Lieutenant Colonel James Arthurs, M.P.
162nd (Timber Wolves) Battalion
But they wanted to go. One member of this House, Col. Arthurs—I read the most touching letter I have seen for many a day—is in the trenches. He had reduced his rank and gone over in spite of his son’s remonstrance from the trenches ordering his dad to get out.
(Sam Hughes, Debates, 6 Feb 1917, 574)
James Arthurs was a hardware merchant, self-styled gentleman and Conservative MP for Parry Sound (1908—1935). He was born on 3 October 1866 in Toronto. He raised the 162nd Battalion from his home county and proceeded to England in November 1916. Despite age restrictions on senior officers, the fifty-year old Arthurs reverted to captain and joined the 1st Battalion on the front in February 1917.
After the disorganization of his battalion, Arthurs wrote to Frank Macfie about his sons who had been transferred from the 162nd, “I am now on my way up to the front to join the 1st Battn. and will at once look up your son.” Arthurs also admitted, “I regret very much that the authorities found it necessary to break up the 162nd as I had hoped to go through with them.”
Encouraged to hear about Arthurs’ arrival on the front, one of Macfie’s sons wrote to his father:
I understand that our Colonel is a major in the 1st Battalion, Foxy Jim, as the Timber Wolves call. I hope it’s true as he was a good old Scout, and if it is so he has more sand than a lot of them, as it seems they cannot compel them to reduce there ranks, therefore a lot of the higher ranks go back to Canada as there are not so many of them needed, but if old Foxy is doing his bit in France all honour to him.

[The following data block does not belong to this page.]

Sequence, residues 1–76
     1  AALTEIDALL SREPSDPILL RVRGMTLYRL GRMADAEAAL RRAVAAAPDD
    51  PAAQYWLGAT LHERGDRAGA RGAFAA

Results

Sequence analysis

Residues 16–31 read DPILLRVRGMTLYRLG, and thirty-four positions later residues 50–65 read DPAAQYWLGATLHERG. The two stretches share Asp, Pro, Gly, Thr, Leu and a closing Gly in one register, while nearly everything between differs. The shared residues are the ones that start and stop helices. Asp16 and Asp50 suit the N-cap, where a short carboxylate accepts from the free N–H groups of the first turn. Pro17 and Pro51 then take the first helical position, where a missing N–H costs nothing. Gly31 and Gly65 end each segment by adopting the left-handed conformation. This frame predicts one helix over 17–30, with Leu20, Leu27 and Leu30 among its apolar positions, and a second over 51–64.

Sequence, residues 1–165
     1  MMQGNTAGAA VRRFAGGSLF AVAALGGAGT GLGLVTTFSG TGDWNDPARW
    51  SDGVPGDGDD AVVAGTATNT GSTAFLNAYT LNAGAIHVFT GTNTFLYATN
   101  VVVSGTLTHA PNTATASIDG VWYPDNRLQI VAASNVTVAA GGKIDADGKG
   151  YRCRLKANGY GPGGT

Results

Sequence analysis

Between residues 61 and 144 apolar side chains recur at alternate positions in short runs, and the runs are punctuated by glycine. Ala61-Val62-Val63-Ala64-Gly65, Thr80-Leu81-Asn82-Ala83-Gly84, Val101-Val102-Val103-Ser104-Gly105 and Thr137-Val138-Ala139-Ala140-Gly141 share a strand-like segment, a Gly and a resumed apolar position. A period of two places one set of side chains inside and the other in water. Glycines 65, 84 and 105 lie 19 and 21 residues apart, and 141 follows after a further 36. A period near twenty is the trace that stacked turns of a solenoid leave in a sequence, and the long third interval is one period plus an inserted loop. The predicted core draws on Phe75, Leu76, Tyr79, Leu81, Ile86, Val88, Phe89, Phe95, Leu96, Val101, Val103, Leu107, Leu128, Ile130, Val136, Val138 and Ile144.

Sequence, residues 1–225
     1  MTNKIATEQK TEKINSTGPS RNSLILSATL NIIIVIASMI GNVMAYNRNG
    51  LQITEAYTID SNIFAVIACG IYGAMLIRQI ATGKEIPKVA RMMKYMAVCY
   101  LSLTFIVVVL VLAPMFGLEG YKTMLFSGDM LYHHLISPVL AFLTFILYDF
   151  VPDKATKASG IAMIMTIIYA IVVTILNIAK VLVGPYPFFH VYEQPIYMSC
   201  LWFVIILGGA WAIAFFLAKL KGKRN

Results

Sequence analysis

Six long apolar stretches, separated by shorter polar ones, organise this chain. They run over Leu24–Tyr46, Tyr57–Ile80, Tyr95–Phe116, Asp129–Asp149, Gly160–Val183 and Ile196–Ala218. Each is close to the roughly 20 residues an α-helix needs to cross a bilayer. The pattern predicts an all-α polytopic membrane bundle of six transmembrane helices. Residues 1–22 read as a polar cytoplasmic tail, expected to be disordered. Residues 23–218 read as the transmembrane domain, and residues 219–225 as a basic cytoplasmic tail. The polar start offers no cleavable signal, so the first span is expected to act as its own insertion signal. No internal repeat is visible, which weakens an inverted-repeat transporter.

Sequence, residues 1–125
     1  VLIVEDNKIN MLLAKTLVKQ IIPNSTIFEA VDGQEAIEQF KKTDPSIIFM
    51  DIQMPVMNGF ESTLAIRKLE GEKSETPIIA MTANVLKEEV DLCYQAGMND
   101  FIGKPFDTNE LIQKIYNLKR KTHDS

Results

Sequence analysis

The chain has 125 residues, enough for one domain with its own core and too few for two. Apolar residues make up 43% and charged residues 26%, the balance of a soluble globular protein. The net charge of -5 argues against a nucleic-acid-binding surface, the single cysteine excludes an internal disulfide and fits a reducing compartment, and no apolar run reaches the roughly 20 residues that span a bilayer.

Suffering from the physical and mental effects of four months in the field, Arthurs returned to Canada in May 1917. Throughout the war, he tracked the welfare of his original volunteers by recording those wounded, missing or killed on the 162nd nominal roll.
Arthurs was welcomed back to the House of Commons as “one of our heroes of Vimy.” After retaking his seat, he delivered a strong anti-Quebec speech and denounced the lack of French Canadian patriotism.
Liberal MP William Power raged against: the so-called hero of Vimy Ridge who stated he said good bye to hundreds of his men at the front. Why did he leave, what for? Was it to come to his House to raise passion and prejudice against the province of Quebec, and to be acclaimed as a hero?
By 1920, Arthurs continued to be affected by his service overseas. He complained of shortness of breath and weakness. He further stated that he “becomes restless and nervous. Sometimes does not sleep well at night.”
After twenty-seven years in the House, Arthurs was appointed to the Senate by R. B. Bennett in 1935. He remained in the upper chamber until his death on 7 October 1937.